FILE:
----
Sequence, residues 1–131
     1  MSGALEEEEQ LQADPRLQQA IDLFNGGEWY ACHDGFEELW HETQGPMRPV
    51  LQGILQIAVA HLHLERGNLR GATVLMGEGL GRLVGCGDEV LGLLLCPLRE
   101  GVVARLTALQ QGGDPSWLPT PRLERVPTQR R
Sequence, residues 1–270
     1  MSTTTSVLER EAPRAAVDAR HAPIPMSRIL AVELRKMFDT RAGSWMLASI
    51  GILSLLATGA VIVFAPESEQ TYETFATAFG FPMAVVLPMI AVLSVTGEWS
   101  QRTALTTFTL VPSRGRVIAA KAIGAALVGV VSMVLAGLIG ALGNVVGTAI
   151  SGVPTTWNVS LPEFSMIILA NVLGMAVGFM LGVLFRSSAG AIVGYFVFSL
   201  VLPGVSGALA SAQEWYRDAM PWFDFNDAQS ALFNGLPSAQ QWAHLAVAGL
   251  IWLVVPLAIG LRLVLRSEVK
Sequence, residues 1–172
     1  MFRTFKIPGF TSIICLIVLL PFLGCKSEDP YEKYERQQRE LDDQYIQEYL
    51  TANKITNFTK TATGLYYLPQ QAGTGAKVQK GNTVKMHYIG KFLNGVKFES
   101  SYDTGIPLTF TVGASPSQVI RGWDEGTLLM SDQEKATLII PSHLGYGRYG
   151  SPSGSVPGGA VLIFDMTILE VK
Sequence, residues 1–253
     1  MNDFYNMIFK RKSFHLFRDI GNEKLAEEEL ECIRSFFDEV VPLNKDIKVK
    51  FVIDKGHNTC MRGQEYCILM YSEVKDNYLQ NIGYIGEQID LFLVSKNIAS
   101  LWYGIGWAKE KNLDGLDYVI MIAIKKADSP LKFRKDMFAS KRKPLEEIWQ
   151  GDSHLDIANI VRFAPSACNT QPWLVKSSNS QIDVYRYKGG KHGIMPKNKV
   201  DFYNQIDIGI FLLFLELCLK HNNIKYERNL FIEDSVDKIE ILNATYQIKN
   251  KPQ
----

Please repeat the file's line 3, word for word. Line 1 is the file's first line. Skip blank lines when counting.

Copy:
    51  LQGILQIAVA HLHLERGNLR GATVLMGEGL GRLVGCGDEV LGLLLCPLRE